Our great good fortune was borne home to me by an experience I had… in a time of my life where I was in a worldly way lost – homeless, couch-surfing, and yes, in myself also somewhat anxious and bewildered – though not really freaked out. Only kind of. Anyway.
I’d been on a dating site – hoping really for some kind solid man to rescue me – and had been corresponding with a Buddhist of great erudition and eloquence. He was a semi-retired Judge, spoke exotic tongues, and seemed to have an altruistic bent. In any case, I love a good letter, and he wrote them; so I was answering him warmly. He was a practising meditator of many years’ experience. We agreed to meet.
I was at the time house-sitting for an absent sannyasin in Bristol, and I welcomed the Judge for tea at the homely little bungalow. He was much more rotund than I’d expected (it’s often that way with dating sites, I’ve let them slack off into dis-use now). He had a baldish head, and a stern mien, and was neither short nor tall. He did not smile when he greeted me. He came in and sat down solemnly in a big wing-back chair while I went to prepare tea in the nearby kitchen.
As I was bringing in the tea he suddenly said loudly, “Do you think that if you hate your mother, it might adversely affect your relationships with women?”
“Um…” I replied, nonplussed, “I think it very well might.”
“My mother,” he went on in his loudspeaker tone, “was a C**T!” (I’m asterisking the word because it is a word I find so eughghy that I just don’t want to write it.)
Then he told me stories: how, back in Ireland in his teens, he’d gone to a dance in another, distant town; and his mother had carefully packed a supper for him to take: a packet of sandwiches filled with garlic sausage, so that girls would stay away from him! The mother, it seems, was a devout Catholic, and wanted her son to be one too. He was very angry about all of it.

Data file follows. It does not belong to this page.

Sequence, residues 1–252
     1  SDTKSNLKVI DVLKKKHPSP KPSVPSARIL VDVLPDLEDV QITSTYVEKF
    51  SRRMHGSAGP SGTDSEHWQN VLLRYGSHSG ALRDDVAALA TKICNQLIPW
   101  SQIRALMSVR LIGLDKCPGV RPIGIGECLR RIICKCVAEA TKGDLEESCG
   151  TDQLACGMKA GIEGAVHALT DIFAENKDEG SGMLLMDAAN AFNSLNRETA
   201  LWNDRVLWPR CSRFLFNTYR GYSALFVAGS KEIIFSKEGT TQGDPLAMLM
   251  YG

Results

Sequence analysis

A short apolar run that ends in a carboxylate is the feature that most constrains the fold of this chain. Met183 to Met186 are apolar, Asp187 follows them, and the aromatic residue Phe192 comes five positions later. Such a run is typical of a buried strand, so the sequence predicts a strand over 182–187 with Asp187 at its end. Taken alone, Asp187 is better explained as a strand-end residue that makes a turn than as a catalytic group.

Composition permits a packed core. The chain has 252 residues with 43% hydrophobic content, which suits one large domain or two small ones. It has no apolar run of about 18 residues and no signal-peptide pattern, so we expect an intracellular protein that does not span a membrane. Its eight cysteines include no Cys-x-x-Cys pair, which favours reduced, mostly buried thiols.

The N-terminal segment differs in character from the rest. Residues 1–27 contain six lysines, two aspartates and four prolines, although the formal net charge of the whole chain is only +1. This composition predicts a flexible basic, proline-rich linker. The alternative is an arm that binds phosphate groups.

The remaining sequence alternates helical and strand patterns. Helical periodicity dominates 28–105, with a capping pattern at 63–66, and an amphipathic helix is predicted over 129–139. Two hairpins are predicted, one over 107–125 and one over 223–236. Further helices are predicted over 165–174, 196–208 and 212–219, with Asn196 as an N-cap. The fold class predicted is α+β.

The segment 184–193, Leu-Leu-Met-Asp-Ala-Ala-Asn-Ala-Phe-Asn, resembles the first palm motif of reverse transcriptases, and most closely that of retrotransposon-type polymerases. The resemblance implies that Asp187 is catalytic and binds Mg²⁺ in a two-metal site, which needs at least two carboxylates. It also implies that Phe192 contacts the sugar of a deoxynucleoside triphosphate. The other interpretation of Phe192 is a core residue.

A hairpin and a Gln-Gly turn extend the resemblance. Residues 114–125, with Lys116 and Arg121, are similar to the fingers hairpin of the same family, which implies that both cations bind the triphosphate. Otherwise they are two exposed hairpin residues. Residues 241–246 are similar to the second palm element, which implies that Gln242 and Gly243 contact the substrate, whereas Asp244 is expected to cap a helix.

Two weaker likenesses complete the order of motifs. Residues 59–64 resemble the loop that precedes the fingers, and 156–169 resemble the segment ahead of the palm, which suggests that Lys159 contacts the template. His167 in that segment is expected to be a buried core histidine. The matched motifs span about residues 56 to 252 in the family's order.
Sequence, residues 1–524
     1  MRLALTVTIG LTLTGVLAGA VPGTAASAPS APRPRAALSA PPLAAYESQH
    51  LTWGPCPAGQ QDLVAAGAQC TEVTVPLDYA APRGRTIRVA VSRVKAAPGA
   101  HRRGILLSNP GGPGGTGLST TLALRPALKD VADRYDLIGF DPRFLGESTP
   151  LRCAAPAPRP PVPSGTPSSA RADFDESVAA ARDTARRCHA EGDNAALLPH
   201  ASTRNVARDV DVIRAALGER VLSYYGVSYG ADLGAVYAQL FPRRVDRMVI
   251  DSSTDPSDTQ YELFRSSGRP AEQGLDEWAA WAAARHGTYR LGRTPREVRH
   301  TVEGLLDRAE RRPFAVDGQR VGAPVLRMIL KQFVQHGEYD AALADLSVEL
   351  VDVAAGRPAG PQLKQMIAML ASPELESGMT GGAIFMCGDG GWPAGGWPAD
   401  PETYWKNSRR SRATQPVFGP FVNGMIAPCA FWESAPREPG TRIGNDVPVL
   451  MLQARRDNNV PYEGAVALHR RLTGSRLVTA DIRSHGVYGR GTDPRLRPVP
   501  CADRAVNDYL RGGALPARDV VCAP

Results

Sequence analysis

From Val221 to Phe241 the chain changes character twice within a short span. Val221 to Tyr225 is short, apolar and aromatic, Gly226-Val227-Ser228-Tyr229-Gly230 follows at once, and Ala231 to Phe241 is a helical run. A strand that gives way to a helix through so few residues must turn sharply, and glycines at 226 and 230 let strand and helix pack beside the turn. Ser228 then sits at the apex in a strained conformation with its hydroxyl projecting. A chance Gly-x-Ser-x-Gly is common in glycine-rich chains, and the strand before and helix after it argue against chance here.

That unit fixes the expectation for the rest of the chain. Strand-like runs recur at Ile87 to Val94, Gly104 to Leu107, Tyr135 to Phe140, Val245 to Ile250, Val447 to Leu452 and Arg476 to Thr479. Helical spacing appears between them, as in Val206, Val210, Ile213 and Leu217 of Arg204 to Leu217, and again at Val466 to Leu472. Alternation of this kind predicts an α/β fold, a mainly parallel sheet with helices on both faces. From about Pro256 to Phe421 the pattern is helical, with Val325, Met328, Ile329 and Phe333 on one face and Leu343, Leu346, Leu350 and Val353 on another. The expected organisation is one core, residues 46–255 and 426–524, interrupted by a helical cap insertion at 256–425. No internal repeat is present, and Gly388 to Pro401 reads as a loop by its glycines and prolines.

He and I went for a walk in the nearby park. He walked behind me; I was wearing a green knit skirt with a frill round the hem, and I knew that my rear view was about as nice as it ever gets. But I could feel emanating from him no interest, no admiration, no visual spark of appreciation! This was… dispiriting and… well, shall we say, unusual? I, however, could feel with the aura of my back the encumbrance of the watermelon he carried before him – how it could not have been fun, lugging that belly around. No wonder he was grumpy.
We sat down for a while on a bench to meditate. I was curious… Yes, I could feel something rising, some polished, powerful, energy moving skywards. I could enjoy the big silent space of it, on and on. And yet… that mud-flat of anger in him – un-dissolved, unaddressed in any effective way – was tying up his heart.
He left not long after, saying brusquely that either I would contact him again or I wouldn’t. I didn’t of course; and he vanished from my screens, inner and outer both, right then. But when I think about him now I feel the tragedy of it – all that sitting meditation; decades of it – and all that emotional constipation. What a waste of living energy and joy! And what a narrow escape we all had!
So it seems that for many if not most of us, sitting meditation isn’t enough. I did do a mini-demo of Dynamic for him, there in the sitting room; he took it in, but I don’t know what use he got out of it. You have to do Dynamic it’s just not a spectator sport!
Some of the poems in this book, however, bring in such a slice of presence, of delight, that I’m not going to belabour the issue any more just now; will just enjoy the poems anyway, even though none of them are about Dynamic (I’ve written quite a few!)
I think any meditator, of whatever stripe or stripes, will enjoy this charming, friendly, quite absorbing book. I love the juxtaposition of dailiness and cosmic scope contained in it – pirouetting from microcosm to macrocosm and back again – the Zen love for detail-of-the-moment, like haiku illustrates, is deeply nourishing. Enjoy!